By Tim Murray / and Kate Sharry

The most important key to the success of any business is its workforce.

We can personally attest to that fact: The top priority of the 2,300 members of the Worcester Regional Chamber of Commerce is workforce development. And the kind of workforce that makes a business successful is one that’s skilled, focused, and as productive as possible. That’s the workforce that Massachusetts will need to keep our economy strong in the years and decades to come.

The good news is that we know how to get it.

It requires an innovative approach in education that starts at pre-kindergarten, plus child care options that enable parents to continue working productively in their careers, and also a way to pay early childhood educators and staff a salary capable of recruiting and retaining them in fulfilling the needs of the first two elements. Each these three pieces is critical for attaining our overall goal in workforce development.

The first step is starting early. Building the workforce of tomorrow doesn’t begin in college or high school. It begins with high-quality early childhood education and care programs targeting our youngest learners.

Starting early makes sense, because the first few years of life are a unique time of brain development. High-quality early education and care programs prepare young minds for future success by teaching foundational early math, reading, and social-emotional knowledge.

This knowledge forms the basis of essential skills that kids will need as they grow and move through school and the workplace. Research backs up the conclusion that quality early childhood programs can be a difference-maker, particularly for at-risk kids: The national business-leader organization ReadyNation, a nonprofit advocate for early childhood education, spotlighted a peer-reviewed analysis of over 120 different studies showing that high-quality, pre-K programs help kids become “kindergarten-ready.” This is critical because research also shows that kids who are kindergarten-ready have higher math and reading scores, better high-school graduation rates, lower rates of special education or grade repetition, and a host of other traits that help put students on a path to college and career success.

Just as quality pre-K teaches students the skills that lead to a stronger workforce tomorrow, quality child care helps parents and businesses be as productive as possible today.

Quality care boosts positive social-emotional learning lessons for children and overall long-term development. It also allows parents to focus on work during the day, rather than becoming distracted at work, missing work, or even having to stop working because of a lack of affordable child-care options.

How big is this problem? Studies show that child-care issues cost American businesses billions every year in lost productivity. Both of us are parents as well as business leaders, and we can vouch for the fact that access to affordable, quality child care can play a major, positive role at work and at home.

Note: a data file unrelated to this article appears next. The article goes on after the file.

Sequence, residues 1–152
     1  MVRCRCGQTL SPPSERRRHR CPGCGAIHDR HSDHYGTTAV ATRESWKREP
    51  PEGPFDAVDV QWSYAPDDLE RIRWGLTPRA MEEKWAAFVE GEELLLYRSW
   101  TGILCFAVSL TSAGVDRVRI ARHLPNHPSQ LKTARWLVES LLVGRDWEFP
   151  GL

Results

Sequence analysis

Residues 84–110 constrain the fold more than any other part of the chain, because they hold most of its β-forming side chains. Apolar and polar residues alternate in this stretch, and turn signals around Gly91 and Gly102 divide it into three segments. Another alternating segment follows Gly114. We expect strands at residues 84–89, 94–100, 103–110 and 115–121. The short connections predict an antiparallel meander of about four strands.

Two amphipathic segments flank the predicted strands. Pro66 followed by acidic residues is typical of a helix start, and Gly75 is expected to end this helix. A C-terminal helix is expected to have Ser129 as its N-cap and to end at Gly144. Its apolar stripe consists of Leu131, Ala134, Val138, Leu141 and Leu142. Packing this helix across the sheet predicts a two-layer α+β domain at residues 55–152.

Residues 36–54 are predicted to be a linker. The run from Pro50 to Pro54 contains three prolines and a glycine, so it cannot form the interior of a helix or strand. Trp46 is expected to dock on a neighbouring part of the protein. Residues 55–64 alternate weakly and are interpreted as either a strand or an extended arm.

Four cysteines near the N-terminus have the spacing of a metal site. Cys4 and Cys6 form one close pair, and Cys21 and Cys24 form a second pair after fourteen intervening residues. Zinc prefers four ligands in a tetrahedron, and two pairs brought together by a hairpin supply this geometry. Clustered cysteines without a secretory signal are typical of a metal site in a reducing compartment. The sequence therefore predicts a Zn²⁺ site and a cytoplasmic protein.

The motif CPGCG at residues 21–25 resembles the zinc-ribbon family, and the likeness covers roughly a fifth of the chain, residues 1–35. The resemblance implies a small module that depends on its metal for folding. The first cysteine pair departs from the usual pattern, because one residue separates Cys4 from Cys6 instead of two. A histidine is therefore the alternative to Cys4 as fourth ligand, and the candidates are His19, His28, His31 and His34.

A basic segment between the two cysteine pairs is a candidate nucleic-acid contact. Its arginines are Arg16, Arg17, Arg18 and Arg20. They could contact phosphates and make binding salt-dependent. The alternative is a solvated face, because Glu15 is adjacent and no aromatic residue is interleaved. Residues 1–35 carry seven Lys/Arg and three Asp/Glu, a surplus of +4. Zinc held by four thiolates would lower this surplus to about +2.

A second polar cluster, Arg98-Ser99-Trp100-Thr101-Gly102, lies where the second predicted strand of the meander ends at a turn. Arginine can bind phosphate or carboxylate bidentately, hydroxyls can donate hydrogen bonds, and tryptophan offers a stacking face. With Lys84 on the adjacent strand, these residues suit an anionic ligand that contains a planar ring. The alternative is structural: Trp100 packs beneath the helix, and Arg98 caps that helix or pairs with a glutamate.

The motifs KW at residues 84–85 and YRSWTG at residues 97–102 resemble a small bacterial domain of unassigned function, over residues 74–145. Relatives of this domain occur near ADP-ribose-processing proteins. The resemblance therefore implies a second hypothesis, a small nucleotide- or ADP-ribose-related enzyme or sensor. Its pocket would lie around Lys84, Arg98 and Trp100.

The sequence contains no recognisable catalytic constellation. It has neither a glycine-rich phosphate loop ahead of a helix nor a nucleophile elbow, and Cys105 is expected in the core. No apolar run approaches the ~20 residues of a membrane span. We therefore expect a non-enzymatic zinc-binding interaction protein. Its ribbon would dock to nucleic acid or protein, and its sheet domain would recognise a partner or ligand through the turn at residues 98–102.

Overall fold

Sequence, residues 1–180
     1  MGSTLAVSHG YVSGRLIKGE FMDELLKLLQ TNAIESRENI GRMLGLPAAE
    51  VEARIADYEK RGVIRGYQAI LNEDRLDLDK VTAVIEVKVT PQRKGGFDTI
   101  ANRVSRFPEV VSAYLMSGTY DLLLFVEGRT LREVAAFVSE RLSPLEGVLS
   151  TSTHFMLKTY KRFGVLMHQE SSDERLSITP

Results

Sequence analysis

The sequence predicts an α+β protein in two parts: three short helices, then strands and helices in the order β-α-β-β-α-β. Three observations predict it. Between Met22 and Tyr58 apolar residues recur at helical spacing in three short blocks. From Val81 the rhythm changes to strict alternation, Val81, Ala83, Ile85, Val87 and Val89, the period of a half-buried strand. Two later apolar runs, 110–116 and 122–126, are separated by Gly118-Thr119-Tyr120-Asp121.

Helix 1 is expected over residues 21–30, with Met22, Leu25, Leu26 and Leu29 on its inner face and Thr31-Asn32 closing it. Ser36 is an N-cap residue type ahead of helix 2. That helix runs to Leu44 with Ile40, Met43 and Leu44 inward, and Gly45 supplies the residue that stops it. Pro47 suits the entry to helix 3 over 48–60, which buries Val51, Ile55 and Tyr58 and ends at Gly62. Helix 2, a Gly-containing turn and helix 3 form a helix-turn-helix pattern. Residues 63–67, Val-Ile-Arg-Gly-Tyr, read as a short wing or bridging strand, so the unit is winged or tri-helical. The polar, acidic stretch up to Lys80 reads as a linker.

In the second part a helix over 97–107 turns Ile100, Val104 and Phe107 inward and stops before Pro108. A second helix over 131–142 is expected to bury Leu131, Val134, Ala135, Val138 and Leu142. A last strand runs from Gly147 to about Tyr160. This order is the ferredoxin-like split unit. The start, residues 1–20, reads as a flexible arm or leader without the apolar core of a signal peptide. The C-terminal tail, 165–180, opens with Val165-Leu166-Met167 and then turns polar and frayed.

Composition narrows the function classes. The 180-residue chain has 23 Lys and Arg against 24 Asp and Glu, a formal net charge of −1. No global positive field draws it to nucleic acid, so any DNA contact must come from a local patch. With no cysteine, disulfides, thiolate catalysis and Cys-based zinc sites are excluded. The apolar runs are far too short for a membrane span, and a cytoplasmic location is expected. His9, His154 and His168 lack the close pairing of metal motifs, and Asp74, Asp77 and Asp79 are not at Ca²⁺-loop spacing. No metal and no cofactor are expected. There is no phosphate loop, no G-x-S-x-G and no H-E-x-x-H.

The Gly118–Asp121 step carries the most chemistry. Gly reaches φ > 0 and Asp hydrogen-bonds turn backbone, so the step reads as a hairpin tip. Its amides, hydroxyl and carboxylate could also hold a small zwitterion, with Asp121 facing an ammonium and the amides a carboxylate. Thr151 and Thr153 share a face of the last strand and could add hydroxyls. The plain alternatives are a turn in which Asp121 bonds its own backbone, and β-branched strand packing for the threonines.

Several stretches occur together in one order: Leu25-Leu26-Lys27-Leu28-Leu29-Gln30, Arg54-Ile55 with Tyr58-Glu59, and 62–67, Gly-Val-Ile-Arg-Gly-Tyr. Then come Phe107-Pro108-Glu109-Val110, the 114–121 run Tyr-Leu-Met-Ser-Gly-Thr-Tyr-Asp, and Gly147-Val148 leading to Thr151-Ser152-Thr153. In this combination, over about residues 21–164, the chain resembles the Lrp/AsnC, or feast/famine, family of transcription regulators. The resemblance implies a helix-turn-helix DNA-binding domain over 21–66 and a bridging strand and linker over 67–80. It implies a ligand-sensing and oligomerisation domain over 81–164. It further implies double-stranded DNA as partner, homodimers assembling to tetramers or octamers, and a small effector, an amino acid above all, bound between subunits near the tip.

Targeted investments that improve access to and quality of early childhood education and care programs bolster our economy today and tomorrow. But, remember what we said at the outset: The most important key to success is the workforce itself.

Without a strong early education and care workforce, the Commonwealth won’t be able to meet the needs of children and families who can benefit from these programs.

While low unemployment rates are great news, they also mean that the supply of workers is low, and people have more choices about where to work. If potential teachers and staff don’t go into the early childhood field, that means there will be fewer slots for children.

Today, almost 40 percent of early educators in Massachusetts earn so little that they have to rely on some form of public assistance. The average salary for an early educator is under $28,000. Meanwhile, the average entry-level, public-school teacher makes about $40,000. Low salaries can create serious problems in terms of retaining talent and avoiding employee turnover. We need a long-term solution to the challenge of improving our early-education workforce.

There have been some positive developments on this front recently. Last year, Governor Baker and the House and Senate invested $38.5 million in a pool to increase its state funding to improve pay and retention for early childhood educators. This boosted the average salary of a subsidized preschool teacher from $26,400 to $27,984.

This year, there’s a House proposal that will both boost this rate reserve pool by another $20 million and will dedicate $8.5 million toward creating early-education-workforce professional development programs in our community colleges. Speaker DeLeo deserves credit for his leadership on this issue.

These are important strides, but we must do more. Improving quality, access, and the workforce for crucial early childhood programs can help the lives of Massachusetts children and families in both immediate and long-term ways while also keeping our economy strong and healthy.

Tim Murray, of Worcester, the former lieutenant governor and mayor of Worcester, is president and CEO of the Worcester Regional Chamber of Commerce and a member of ReadyNation. Kate Sharry, of Paxton, is president/owner of Group Benefits Strategies, and chair of the Board of Directors of the Worcester Regional Chamber of Commerce, and a member of ReadyNation.